Domaine Danjou-Banessy

Roussillon, France

Domaine Danjou-Banessy is a 17-hectare estate located in the French Catalonia, just north of Perpignan, near the confluence of the Spanish border and the Mediterranean. This is an old family Estate which has been a part of the Danjou-Banessy family heritage for generations. Nowadays, the two brothers Benoit and Sébastien manage the Domaine and are the custodians of this incredible heritage. The brothers were also the first generation of the family to introduce still, dry wines.
In the 1950s, Benoit and Sébastien’s grandfather bought further vineyards, and he was producing only fortified and dry rancio wines, until Benoit took over from his father in 2001. Five years later, he was joined by his brother Sébastien.
The wine production method is certified organic with biodynamic and non-interventionist practices, as it has been for generations. Their techniques and principles are based on ancestral craft, using natural methods to keep the soil alive. To keep the characteristic of each plot, they vinify the wines separately, using wild yeasts and no additions to the wines.
Danjou- Banessy

Organic, Biodynamic and Natural wine. What’s the difference?

To understand this concept and its various ramifications, it is necessary to keep something clear in mind: before the 20th century and the spreading of affordable synthetic fertilisers, all farming was organic. When the shift to the use of synthetics and pesticides happened, it became necessary to diversify traditional organic farming from the new modern farming. 


Simply put, organic farming forbids the use of synthetic fertilisers, synthetic pesticides, herbicides, or genetically modified organisms. The basic requirements are generally specific and engage the farmers not to use any chemical fertilisers and other synthetic products in the vineyard. It does not prevent the vintner from using the conventional winemaking process after harvesting.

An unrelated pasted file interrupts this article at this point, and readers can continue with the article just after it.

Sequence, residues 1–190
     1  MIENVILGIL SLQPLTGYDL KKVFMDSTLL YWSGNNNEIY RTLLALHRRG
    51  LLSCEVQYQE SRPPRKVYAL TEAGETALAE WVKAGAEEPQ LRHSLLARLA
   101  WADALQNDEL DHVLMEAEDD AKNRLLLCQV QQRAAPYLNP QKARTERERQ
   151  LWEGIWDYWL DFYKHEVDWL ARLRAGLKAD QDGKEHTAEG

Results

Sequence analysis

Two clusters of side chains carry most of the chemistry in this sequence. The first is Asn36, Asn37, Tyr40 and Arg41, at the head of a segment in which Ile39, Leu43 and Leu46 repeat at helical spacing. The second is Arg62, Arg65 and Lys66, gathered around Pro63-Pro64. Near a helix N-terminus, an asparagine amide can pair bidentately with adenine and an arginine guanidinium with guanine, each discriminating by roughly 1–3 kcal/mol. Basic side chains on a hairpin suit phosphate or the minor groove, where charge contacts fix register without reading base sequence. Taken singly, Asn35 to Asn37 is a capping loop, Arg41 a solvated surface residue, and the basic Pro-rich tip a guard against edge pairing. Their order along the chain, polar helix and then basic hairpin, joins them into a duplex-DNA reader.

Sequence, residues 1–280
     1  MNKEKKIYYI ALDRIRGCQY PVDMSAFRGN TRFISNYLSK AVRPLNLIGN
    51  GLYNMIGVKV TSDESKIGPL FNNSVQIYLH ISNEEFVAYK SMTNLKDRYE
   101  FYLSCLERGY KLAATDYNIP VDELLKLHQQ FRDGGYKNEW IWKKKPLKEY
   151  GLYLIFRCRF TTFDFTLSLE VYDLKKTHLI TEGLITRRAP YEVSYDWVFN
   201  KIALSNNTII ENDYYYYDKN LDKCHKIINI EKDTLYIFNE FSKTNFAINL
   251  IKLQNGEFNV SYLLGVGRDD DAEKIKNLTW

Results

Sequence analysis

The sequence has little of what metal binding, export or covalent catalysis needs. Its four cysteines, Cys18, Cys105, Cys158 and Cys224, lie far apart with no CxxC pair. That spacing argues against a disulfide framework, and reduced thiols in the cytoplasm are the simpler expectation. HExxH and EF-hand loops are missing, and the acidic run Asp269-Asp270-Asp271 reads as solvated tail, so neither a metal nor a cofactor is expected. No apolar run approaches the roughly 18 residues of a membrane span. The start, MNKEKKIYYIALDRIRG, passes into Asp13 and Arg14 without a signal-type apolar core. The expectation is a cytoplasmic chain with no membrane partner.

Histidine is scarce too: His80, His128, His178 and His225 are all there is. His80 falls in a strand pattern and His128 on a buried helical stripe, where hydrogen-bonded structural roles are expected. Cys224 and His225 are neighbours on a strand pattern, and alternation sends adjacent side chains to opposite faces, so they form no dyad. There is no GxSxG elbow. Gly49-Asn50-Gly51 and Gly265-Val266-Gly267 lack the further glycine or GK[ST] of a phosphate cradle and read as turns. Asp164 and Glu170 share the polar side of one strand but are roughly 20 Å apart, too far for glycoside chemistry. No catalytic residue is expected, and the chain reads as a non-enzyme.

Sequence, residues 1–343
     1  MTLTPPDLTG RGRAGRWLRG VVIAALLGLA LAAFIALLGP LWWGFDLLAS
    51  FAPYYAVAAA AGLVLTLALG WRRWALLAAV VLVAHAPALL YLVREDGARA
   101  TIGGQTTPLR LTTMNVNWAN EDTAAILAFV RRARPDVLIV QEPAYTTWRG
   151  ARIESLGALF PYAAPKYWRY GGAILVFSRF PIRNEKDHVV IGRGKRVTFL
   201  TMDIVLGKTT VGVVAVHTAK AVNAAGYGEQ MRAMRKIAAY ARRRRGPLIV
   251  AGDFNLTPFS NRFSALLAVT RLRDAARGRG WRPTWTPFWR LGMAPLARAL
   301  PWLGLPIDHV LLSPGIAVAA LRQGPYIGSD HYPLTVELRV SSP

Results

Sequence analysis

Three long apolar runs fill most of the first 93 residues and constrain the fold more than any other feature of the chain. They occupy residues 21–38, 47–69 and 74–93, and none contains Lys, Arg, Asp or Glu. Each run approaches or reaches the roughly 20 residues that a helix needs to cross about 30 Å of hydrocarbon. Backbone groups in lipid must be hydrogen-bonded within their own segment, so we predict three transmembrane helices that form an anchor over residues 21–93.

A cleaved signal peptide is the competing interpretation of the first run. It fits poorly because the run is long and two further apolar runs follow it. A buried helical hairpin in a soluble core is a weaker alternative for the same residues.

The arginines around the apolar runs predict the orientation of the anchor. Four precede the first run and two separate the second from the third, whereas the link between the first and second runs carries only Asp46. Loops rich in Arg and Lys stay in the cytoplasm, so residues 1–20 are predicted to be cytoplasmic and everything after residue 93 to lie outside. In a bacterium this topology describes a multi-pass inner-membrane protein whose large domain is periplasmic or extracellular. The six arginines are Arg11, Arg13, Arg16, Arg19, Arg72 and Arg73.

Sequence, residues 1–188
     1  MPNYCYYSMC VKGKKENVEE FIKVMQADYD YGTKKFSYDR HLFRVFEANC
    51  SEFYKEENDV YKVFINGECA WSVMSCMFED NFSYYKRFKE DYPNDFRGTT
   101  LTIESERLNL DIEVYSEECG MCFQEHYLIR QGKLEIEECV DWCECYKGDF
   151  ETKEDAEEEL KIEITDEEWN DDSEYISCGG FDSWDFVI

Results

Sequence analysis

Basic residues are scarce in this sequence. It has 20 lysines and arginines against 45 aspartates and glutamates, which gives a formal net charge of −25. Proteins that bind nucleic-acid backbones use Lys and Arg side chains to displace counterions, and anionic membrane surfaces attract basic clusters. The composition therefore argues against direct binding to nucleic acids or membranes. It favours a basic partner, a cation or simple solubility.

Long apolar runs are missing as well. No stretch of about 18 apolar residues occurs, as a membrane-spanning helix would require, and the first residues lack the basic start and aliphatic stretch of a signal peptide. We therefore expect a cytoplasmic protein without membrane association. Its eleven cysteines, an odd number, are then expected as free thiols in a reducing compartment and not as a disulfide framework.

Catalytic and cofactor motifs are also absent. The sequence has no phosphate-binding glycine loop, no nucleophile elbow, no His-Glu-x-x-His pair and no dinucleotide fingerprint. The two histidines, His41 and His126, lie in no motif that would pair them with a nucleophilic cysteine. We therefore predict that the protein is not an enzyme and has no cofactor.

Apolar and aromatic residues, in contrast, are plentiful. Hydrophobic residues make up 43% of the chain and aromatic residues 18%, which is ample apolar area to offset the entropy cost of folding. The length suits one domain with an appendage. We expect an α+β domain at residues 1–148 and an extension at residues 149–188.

Let’s take organic farming one step further: Biodynamic. The creator of this agricultural system is the Austrian philosopher Rudolf Steiner, who developed the principles of biodynamics in a series of lectures given in 1924 in Germany. Here lies the foundation of true organic wines, with a strict limit in the use of additives, stringent requirements and at the end obtaining a biodynamic certification.


The previous definitions are usually, and rightfully, associated with it, because most natural wine is also organic and/or biodynamic. But not vice versa!

Natural wine is wine in its purest form, simply described as nothing added, nothing taken away, just grapes fermented. No manipulation whatsoever, minimal intervention both in the vineyards and in the winery. Healthy grapes, natural yeast and natural fermentation, with no filtration nor fining. Sounds easy, right? However, making natural wine is unforgiving and it requires a bigger amount of work than conventional wine. To this day, natural wine has no certification yet.